I'm working on a simple function to read in from a file called save.txt and i need to read about 7 or 8 characters in. 4 characters are numbers that represent North south east and west respectively the other 4 characters are delimiters(i don't know why i put them in maybe for easier reading?)
and the function is supposed to "load" the numbers up in int north,south,east,west; but im kinda having some trouble with that part. a little point in the right direction would be swell i have tried a combination of getline() strok() and something else(can't remember).

Short Version:
load text from a file and
assign the numbers to their respective integers.

anyway here is what I've have right now when i was messing with strok().

if(input=="load"){
        char locat[8]; //location is already a string so thats why this is name locat.
        char* test=NULL;
        int loop=0;
        cout<<"loading..\n";
        load.open("save.txt");
        load.getline(locat,8);
        test=strtok(locat,".");
        while(test!=NULL){
            cout<<test<<"\n";
            test=strtok(NULL,".");
        }
    }

and sample save.txt

3.0.0.1
//North first. South second. East third. and West fourth.

Edited 6 Years Ago by avarionist: n/a

4 characters are numbers that represent North south east and west respectively the other 4 characters are delimiters(i don't know why i put them in maybe for easier reading?)

No, it makes for more difficult reading. If the file format is one that you created yourself, you are better off replacing the periods in the file with blank spaces and using the >> operator. No need to use strtok. No characters, no strings. Just plain old integers read directly from the file into the variables.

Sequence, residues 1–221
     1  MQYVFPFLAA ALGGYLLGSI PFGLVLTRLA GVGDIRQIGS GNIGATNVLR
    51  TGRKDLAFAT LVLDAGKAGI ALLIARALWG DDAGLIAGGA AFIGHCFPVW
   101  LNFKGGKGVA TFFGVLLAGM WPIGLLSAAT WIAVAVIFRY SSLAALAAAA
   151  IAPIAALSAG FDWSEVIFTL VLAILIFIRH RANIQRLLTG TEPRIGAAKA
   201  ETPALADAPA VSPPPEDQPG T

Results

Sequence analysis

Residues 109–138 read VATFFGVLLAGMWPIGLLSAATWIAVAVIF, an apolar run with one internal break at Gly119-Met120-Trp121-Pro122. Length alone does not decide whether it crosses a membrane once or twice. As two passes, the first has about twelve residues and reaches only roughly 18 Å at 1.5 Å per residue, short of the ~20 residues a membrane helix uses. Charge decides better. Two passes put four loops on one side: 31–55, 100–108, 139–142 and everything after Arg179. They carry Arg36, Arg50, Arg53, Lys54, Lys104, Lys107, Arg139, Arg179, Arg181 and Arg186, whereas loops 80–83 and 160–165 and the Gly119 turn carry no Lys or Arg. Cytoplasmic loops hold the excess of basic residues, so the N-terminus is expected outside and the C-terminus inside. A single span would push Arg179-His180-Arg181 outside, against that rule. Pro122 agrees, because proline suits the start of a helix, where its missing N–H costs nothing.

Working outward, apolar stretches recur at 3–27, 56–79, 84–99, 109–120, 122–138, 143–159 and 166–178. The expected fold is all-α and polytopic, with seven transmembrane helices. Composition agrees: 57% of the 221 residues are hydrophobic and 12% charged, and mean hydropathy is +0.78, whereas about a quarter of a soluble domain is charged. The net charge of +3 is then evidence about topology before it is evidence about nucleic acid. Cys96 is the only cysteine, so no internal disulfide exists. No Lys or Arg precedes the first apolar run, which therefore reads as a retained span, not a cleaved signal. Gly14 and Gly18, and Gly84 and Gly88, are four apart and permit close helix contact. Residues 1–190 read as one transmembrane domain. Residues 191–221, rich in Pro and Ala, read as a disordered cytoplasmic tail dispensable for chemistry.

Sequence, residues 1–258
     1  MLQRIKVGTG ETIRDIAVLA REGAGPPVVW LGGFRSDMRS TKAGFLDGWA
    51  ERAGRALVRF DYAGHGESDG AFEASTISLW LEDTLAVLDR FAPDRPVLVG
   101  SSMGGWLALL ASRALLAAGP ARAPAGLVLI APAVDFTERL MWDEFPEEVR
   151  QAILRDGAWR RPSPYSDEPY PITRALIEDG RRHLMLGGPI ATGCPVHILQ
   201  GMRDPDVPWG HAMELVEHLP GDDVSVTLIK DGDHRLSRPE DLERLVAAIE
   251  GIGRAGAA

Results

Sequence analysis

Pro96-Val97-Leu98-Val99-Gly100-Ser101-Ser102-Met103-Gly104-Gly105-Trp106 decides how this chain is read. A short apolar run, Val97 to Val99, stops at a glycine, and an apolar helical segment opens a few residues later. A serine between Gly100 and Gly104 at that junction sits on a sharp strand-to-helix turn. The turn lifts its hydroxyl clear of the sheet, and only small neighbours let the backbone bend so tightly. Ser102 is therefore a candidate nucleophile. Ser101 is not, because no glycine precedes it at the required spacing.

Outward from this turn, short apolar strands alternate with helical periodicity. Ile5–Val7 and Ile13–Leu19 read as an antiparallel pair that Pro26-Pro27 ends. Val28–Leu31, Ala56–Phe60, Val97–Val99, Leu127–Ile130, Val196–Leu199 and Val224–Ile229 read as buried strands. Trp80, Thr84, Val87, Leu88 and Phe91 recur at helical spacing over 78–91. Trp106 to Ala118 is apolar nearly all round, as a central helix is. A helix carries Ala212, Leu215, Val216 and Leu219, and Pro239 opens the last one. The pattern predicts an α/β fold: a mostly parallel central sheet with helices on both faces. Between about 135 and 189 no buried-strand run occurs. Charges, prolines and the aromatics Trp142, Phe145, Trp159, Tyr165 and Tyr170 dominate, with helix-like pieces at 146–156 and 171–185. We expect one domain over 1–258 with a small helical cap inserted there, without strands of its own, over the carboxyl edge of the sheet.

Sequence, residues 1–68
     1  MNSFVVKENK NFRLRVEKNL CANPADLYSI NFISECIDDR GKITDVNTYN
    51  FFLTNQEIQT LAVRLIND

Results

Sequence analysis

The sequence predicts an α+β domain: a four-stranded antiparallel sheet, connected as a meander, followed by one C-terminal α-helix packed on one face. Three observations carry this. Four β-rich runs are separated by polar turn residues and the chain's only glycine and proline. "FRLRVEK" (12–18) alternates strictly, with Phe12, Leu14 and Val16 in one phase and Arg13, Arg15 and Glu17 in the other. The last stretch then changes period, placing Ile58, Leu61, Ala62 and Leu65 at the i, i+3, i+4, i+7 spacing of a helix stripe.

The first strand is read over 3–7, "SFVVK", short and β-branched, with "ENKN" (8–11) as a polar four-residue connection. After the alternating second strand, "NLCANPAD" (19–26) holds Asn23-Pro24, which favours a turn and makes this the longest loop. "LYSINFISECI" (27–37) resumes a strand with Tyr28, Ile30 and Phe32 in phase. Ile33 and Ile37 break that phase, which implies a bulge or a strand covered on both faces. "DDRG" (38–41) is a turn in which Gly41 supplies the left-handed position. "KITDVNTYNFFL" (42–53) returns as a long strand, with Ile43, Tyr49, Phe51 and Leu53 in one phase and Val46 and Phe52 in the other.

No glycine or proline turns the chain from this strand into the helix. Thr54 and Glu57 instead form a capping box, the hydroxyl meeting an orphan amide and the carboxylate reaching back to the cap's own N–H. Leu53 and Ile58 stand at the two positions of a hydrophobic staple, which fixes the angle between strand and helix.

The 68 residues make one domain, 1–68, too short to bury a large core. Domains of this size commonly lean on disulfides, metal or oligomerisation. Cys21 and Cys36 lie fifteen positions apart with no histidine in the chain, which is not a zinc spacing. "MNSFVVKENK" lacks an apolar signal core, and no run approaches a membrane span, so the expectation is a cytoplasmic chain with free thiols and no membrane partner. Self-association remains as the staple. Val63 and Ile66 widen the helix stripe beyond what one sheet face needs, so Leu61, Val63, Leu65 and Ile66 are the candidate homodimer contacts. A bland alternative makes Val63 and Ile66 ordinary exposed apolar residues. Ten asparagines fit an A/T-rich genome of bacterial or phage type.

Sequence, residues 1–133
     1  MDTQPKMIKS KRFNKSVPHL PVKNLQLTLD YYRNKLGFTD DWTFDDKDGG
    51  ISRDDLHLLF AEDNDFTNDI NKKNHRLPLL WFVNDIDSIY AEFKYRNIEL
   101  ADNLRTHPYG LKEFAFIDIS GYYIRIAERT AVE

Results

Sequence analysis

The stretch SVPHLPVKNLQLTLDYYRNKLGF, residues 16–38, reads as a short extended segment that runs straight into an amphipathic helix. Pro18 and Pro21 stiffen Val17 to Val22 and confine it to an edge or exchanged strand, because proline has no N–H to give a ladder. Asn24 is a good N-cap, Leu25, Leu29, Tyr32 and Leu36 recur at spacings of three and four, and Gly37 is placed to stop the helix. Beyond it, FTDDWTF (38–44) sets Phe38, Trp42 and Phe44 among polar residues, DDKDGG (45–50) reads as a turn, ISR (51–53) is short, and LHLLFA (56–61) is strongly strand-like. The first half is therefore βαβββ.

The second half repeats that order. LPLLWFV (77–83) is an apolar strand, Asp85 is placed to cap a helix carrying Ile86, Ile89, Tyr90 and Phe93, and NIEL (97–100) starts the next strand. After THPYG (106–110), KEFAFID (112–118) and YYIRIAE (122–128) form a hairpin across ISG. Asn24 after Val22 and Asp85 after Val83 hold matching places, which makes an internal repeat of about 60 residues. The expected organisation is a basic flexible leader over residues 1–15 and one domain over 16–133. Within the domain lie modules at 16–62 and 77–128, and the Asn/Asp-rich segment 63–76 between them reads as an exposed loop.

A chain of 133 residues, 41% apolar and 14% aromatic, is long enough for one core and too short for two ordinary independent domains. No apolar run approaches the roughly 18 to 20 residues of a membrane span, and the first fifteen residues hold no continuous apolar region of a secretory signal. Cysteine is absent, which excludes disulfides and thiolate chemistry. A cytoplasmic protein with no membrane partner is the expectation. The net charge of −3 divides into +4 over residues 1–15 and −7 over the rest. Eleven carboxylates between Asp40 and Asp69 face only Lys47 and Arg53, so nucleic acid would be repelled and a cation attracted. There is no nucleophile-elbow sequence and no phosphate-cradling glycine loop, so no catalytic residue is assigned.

int north, south, east, west;

ifstream load;
load.open("save.txt");
load >> north >> south >> east >> west;
load.close();
cout << north << '\t' << south << '\t' << east << '\t' << west << '\n';

File:

3 0 0 1
//North first. South second. East third. and West fourth (spaces, not periods)[B].[/B]

Edited 6 Years Ago by VernonDozier: n/a

Thanks i was under the impression that you would have to load the values into a char array/string and then split and convert them into a int but thanks that really helps :D
could you explain why it works ? so that i may better understand it. logically to me i can't figure it out. when it reads from the file and i do load>>north>>south etc does it read until it finds a space and then loads the variable with the number ?

Edited 6 Years Ago by avarionist: n/a

Thanks i was under the impression that you would have to load the values into a char array/string and then split and convert them into a int but thanks that really helps :D
could you explain why it works ? so that i may better understand it. logically to me i can't figure it out. when it reads from the file and i do load>>north>>south etc does it read until it finds a space and then loads the variable with the number ?

You're welcome. The >> operator:

http://www.cplusplus.com/reference/iostream/istream/operator%3E%3E/

looks at the type of variable that is being supplied and will behave differently depending on what that variable is. You have supplied the >> operator an int variable, so it will:

  1. Skip all white space(tabs, carriage returns, spaces, line returns).
  2. Look for a digit or a minus sign as the first character it's interested in
  3. Keep reading a digit at a time till it sees a non-digit.
  4. Stop.
  5. Put what it read into the variable.

Exactly how the >> operator parses it behind the scenes is something I don't know, but the whole point of C++ is that you don't HAVE to know how any of the underlying code is written. It's written for you and it's a black box. You don't know or care how it's done. Just remember that white space is treated as a delimiter and you can take advantage of that.

thanks guys :D Would it be possible to add a delimiter for >> or would i have to overload it ?

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